Boats

Seawind 1160

by Kimball Livingston, Posted March 3, 2006
Wollongong, Australia, is a beautiful spot you’ve possibly never heard of. Backed by mountains south of Sydney and fronting the Tasman Sea, Wollongong is home to Seawind Catamarans, whose newest offering reinterprets the open accommodations of its popular Seawind 1000 into something larger, comfier, and better suited to offshore duty. The new 1160, at 38 feet, sails at the
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Le Breton SIG45

by Dave Baldwin, Posted March 3, 2006
You have to admire Hugo Le Breton for setting the bar high with his new SIG 45. His goal was simple and ambitious: to combine the high-performance design elements of an ocean-racing multihull with the style of a contemporary cruising monohull. The result is a 45-foot racer-cruiser that comfortably accommodates six and can hit top speeds of over 20 knots. The SIG 45 features
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e33

by Peter Nielsen, Posted March 3, 2006
A sailmaker, a boatbuilder, and a naval architect are standing at a bar having a quiet drink… no, this isn’t yet another incarnation of an old joke. It’s how sailmaker Robbie Doyle explains the genesis of the e33, a collaboration between him, builder Dirk Kneulman, and designer Jeremy Wurmfeld. Talk turned to the declining state of one-design racing and of what type of boat it would take to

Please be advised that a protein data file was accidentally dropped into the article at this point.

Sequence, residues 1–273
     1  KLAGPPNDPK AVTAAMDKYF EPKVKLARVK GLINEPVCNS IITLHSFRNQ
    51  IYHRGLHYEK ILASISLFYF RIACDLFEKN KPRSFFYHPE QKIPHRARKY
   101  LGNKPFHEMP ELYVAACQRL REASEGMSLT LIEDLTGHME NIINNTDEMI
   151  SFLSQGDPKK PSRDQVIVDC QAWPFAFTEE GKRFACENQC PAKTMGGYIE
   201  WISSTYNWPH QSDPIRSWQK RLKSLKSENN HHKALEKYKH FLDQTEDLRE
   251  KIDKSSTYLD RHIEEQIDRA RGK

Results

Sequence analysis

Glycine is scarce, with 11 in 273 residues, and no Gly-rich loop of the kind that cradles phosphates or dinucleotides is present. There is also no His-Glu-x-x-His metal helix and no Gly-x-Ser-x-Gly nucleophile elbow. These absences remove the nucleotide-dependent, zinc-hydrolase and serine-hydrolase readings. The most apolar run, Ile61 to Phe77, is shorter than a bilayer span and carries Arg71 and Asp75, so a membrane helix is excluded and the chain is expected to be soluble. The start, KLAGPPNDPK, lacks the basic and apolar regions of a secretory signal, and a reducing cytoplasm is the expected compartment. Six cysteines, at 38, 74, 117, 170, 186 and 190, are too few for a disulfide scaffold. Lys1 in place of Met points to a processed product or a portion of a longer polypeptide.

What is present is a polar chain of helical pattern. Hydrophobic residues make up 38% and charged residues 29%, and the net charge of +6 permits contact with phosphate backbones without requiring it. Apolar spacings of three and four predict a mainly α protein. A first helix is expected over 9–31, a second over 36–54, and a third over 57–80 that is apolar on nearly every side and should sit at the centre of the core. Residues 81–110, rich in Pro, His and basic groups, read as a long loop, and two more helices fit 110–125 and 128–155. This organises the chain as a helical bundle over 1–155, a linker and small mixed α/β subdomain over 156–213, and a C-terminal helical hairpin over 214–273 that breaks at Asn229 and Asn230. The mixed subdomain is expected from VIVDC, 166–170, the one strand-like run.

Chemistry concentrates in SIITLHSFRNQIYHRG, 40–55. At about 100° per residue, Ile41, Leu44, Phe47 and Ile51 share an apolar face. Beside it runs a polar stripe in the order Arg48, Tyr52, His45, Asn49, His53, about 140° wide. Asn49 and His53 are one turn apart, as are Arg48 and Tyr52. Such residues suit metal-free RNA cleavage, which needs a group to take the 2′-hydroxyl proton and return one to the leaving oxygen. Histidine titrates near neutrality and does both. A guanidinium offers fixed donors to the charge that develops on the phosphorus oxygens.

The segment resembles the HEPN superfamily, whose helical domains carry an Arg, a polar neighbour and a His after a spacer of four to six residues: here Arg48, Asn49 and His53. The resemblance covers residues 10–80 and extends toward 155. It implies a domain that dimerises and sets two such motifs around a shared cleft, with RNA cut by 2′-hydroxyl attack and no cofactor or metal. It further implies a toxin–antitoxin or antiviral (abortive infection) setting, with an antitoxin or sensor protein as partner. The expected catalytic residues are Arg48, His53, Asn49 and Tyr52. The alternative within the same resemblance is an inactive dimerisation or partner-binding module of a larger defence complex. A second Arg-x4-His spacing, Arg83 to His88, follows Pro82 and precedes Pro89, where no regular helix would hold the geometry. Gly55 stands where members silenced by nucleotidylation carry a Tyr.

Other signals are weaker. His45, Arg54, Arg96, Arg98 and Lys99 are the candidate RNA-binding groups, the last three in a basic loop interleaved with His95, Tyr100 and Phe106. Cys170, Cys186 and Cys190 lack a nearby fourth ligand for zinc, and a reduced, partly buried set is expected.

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Pittman 90

by Craig Davis, Posted January 23, 2006
Over the last decade or so, the America’s Cup and Maxi-yacht classes have benefited from most of the research money going into sailing. Today’s Maxi owners aren’t shy about pushing design far beyond what is permitted in the America’s Cup. Maxis are larger than the Cup yachts and increasingly use canting keels and water ballast to improve performance. Reichel/Pugh, German Frers,
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Onora

by David Woodley, Posted January 23, 2006

Sailing to the edge of the earth

Although the palm trees and sandy beaches of the Pacific and Caribbean islands are always alluring—and the Mediterranean is a romantic place to visit—what do you do when you’ve already experienced all that? Jim and Jean Foley asked themselves the question after finishing a seven-year circumnavigation aboard their Mason 44, Mara.


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